Funny, fierce, generous, tenacious and one of the best netballers New Zealand has produced. The tributes haven’t stopped for Margaret Forsyth, who died aged 59 this week.
Margaret Forsyth, the kind of netballer others tried and failed to beat with tricks, will be remembered as one of the greatest goal attacks in the game, even though her playing days were cut short.
Silver Fern #66, Forsyth played 64 tests for her country, starting aged 17, but her nine-year international career was ended prematurely by painful knee problems.
Some of those who played with and against Forsyth, who died this week after a short illness aged 59, say they’ve never seen the likes of her on a court since.
Defenders like Tracey Fear, who played alongside Forsyth for the Verdettes club, Waikato and the Silver Ferns.
“She was the hardest player I ever played against. Even though I played with her for so many years, I still couldn’t work her out,” Fear says.
“And she would do it all with such bloody grace. I was in awe of her – even when she was doing it against you and made a dick out of you.”
But Forsyth was loved and respected for more than just her exceptional netball talent. She was a woman who gave back – as a successful coach, role model and mentor; a teacher, police officer and a city councillor. She was a wonderful mother to her three sons, and a new grandmother.
Fear will also remember Forsyth for her commitment, her relentless competitiveness, and her humour in even the tensest of times. And she’ll remember her friend as one of the fiercest, yet most graceful, netballers to ever come out of New Zealand.
“Marg is still the best goal attack I have ever seen. The edge she had over others was she was so clever and deceptive, a magician with the ball,” she says.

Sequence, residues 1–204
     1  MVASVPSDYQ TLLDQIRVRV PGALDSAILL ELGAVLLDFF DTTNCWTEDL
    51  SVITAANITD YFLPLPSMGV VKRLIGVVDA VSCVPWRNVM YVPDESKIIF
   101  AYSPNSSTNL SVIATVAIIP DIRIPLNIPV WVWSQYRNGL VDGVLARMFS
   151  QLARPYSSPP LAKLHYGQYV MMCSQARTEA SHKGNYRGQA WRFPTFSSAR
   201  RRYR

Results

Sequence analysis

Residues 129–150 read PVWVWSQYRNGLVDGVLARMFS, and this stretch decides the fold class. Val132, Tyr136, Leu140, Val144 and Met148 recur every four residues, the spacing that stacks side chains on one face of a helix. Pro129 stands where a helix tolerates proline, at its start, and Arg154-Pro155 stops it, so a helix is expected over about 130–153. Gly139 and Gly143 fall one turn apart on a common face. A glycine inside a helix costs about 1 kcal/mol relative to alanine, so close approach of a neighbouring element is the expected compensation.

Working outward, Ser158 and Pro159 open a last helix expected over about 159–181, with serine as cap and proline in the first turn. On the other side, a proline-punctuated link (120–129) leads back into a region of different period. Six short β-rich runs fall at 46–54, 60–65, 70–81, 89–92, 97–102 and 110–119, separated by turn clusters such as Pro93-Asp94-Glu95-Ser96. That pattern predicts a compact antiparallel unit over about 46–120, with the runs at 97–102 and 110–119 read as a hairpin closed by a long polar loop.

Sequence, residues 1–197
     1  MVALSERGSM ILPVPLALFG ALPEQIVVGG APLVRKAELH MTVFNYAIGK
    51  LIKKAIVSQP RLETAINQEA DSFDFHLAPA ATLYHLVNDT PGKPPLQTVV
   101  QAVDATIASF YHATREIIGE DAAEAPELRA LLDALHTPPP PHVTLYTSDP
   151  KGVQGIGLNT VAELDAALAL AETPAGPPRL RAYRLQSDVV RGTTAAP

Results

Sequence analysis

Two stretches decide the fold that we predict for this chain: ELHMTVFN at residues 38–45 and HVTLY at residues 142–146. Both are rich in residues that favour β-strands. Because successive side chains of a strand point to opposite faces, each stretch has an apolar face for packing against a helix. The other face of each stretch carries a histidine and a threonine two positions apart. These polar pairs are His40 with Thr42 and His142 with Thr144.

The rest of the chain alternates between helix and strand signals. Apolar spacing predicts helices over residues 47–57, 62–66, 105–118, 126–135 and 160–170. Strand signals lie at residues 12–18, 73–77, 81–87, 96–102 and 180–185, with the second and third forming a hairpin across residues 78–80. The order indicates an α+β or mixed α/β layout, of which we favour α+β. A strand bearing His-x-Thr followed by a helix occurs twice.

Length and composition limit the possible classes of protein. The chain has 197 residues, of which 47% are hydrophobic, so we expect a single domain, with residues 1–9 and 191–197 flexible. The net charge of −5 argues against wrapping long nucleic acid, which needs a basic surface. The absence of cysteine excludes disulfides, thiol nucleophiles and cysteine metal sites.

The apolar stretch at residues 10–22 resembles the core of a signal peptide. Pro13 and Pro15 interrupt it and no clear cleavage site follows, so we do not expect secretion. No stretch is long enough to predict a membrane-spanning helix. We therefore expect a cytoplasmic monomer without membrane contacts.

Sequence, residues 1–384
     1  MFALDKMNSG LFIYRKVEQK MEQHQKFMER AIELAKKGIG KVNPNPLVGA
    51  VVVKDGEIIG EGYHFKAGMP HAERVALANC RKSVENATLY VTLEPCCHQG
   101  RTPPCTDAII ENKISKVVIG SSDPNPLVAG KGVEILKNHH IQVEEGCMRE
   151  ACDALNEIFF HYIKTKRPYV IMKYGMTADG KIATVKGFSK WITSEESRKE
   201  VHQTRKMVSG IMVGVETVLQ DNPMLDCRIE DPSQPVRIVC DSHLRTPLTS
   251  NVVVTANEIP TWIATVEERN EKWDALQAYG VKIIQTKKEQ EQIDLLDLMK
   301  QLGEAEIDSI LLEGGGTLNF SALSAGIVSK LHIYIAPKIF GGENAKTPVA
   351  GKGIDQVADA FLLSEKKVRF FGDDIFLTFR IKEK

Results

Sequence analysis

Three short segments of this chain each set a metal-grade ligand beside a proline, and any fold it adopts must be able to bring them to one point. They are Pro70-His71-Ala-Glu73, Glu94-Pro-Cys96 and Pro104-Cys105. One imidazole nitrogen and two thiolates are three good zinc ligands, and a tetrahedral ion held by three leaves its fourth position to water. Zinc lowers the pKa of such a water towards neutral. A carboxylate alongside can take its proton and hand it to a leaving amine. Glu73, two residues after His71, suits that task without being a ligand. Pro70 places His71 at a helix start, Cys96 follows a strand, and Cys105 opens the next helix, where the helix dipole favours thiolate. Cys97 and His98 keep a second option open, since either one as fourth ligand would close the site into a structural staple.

Through much of the 1980s – a stellar era for New Zealand in world netball under the coaching of Dame Lois Muir – the Silver Ferns’ formidable shooting duo of Forsyth and Margharet Matenga were simply known as The Two Margs. “Their relationship was special – intuitive, telepathic and connected,” says Fear. “They were so tricky to defend – I don’t think I’ve seen a combination like it since.”
Matenga is flying to New Zealand from her home in the Cook Islands for Forsyth’s funeral on Saturday.
World champion defender Julie Coney would practise for hours trying to manoeuvre around a chair in the hopes she’d one day be able to master shutting down Forsyth.
“I spent my netball career trying to get around her hold. Her stance was so difficult to get around,” says Coney, who was the goal defence at College Rifles and Auckland.
“She was very determined, stoic and serious on court. I can still see her in the air – she had such a distinctive jump with a very straight back.”
Despite their rivalry, Coney also counted Forsyth as one of her closest friends. They’d go on skiing holidays together and cross the Tasman to watch the Australian Open. It was a friendship forged from the moment Coney (then Townsend) first made the Silver Ferns in 1985.
“Marg was a senior player in the squad then, but she never set herself apart from the others in the team, especially if you were new. She was inclusive and friendly, and involved you in everything. She was a great team person,” Coney says.
“Even though she was younger than me, she took me under her wing.”
That caring attitude continued through the rest of Forsyth’s life. As a coach – first at Verdettes, and later the Magic in the first two years of the ANZ Premiership, and assistant coach of the FAST5 Ferns and the NZA team – she nurtured many young talents, like rookie Silver Fern shooter Monica Falkner.
Forsyth was Jenny-May Clarkson’s first coach when the teenager moved from the small Waitomo town of Piopio to Hamilton. A coach who saw the potential in the future Silver Fern when Clarkson herself did not.
“She was fierce and direct, but also soft and generous,” says Clarkson (nee Coffin). “She was a coach, mentor, counsellor, surrogate mum and my friend. I’m so grateful for her love, guidance and wisdom.”
Forsyth was also the inspiration for another future Silver Fern, Louisa Wall. Like Forsyth, Wall first made the New Zealand team when she was a 17-year-old high school student.
Wall had wanted to be a Silver Fern ever since she watched the New Zealand team win the 1987 world championship title in Glasgow – and one player stood out.